When I took a Droplet from Digital Ocean to host my server, I decided to give Ghost a shot. Using Ghost was a unique experience. It was minimalist and the editing experience was great. Unfortunately a lot of things like analytics, image compression, comments, advanced SEO, and code syntax highlighting were absent or took time to setup. The core team implement things fast and have a very aggressive release cycle, but theme developers are not able to keep pace with the changes and new features available. In addition, the default theme that comes with Ghost is not very apt for a technical blog.
I have hence decided to shift back to WordPress in order to utilize the large number of plugins and themes. This blog contains a list of plugins that I have installed and consider as must use WordPress plugins for a technical blog.
Imagine you’ve created your new Ghost install but have set it up with the incorrect process name. The official documentation does not tell us how to update it, it just tells us that it can be set using the --pname flag during initial installation. Let’s look at how we can update the process name after we’ve installed our site.
My web hosting’s annual payment date was drawing close, and instead of renewing it, I decided I’d rent a server on Digital Ocean for 10$ a month. It turns out to be a lot more expensive but gives me the option to use the server for something other than just blogging and running PHP application.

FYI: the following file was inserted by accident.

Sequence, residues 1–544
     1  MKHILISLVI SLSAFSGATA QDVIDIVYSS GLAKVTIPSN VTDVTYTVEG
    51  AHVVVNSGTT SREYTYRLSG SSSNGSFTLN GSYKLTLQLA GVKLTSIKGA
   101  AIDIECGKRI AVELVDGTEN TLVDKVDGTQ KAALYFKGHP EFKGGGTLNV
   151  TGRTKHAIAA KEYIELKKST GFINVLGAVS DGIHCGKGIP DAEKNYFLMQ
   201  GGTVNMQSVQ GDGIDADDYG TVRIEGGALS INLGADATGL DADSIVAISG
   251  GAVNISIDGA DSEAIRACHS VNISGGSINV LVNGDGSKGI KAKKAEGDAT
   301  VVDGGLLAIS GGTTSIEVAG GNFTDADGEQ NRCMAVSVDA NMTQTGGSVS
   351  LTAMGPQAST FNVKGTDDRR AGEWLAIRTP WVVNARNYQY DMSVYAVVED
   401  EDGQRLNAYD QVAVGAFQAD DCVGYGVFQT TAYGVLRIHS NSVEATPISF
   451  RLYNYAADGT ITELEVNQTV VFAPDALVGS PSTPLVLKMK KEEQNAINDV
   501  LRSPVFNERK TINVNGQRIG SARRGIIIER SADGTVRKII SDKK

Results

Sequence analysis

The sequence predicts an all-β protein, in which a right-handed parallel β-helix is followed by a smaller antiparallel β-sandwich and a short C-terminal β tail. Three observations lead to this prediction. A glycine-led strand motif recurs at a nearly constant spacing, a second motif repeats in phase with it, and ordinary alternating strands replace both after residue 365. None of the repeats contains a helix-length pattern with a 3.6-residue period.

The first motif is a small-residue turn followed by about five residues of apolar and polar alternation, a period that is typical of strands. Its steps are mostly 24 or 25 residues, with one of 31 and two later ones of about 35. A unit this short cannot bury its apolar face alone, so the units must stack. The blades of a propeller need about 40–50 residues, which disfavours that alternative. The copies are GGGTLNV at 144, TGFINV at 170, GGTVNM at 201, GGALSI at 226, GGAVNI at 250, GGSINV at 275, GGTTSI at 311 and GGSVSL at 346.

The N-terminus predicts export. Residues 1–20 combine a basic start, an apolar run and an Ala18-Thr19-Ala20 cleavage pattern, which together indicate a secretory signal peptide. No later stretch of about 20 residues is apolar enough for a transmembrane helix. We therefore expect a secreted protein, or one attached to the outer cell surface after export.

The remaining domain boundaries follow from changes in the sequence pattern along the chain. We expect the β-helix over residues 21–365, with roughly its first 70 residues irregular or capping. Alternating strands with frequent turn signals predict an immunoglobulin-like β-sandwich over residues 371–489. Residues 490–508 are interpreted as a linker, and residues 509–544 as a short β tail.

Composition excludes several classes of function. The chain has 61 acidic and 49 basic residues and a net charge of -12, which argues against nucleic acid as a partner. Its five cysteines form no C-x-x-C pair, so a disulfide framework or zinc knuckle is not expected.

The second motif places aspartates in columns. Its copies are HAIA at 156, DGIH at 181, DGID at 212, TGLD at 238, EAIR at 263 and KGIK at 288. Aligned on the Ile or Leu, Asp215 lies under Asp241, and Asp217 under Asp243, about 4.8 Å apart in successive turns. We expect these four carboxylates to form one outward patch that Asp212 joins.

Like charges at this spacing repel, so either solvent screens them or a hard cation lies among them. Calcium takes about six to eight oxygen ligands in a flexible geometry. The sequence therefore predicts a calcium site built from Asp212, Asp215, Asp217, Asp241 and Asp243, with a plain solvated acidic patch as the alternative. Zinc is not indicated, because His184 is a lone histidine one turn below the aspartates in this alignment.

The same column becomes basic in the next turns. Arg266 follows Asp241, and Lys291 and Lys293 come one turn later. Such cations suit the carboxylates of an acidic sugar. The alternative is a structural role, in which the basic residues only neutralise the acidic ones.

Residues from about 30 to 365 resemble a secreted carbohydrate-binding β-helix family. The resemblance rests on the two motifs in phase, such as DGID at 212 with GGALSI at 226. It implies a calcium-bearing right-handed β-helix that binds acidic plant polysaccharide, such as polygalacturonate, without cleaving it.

After shifting to this new server, the first thing to do was to migrate my blog here. WordPress is an amazing platform, but over the years it has evolved to something a lot more than just a blogging tool. Besides the new kid on the block – Ghost, was creating a lot of buzz for its simplicity. I wanted to give it a try.
I setup my Digital Ocean server with Debian (Jessie 8.2). Node.js is required to run Ghost. Since I wanted to use this server for multiple applications, I decided I’d put nginx as a front facing proxy/compression server.
This blog item is a guide for setting up Ghost on a server running Debian. Let’s start,
Development of Crunchbang has now stopped. There are a few community spin-offs available, Bunsen Labs and Crunchbang++. I’m now using a netinst version of Debian at home with the i3 window manager, and Bunsen Labs on my office laptop. Both are working well. I’m still using the same set of software for my work, in addition to a few more, so this post is still valid.
I’ve been using Linux at home and work for over 5 months now. I’m using a Debian based distribution called Crunchbang. Over these past few months I’ve developed/programmed using multiple technologies and have gathered a collection of tools, that I use on a daily basis.
Development of Crunchbang has now stopped. There are a few community spin-offs available, Bunsen Labs and Crunchbang++. Although most of what’s been written here should be applicable to these distributions, it hasn’t been tested. I’m now using a netinst version of Debian at home with the i3 window manager, and Bunsen Labs on my office laptop. Both are working well.
Last Friday, I installed Crunchbang. It is a Linux distribution derived from Debian. The purpose of this post is to outline the various steps I followed to get Crunchbang ready for use. I can then refer to this post whenever I’m setting up my system again, or helping someone else set up theirs.
I’ll start of with my computer specifications first. This might help people with similar hardware configuration to find a solution to their problems.
Intel i5-4570 CPU @ 3.20GHz
6.00 GB RAM
MSI HD 7850 Hawk
Philips 190VW (1440 X 900) Dell S2240L (1920 x 1080)
Once Crunchbang is installed and you boot up for the first time a handy script starts up that allows you to update your system and installed software. This script can be invoked later on as well by running cb-welcome command on the terminal.
Installing LAMP and Java
Follow the script and install Java and the LAMP stack. It is also possible to install – Git, SVN and drivers for printer.
Installing AMD Proprietary Driver
After the script has finished, it’s time to install the graphics driver.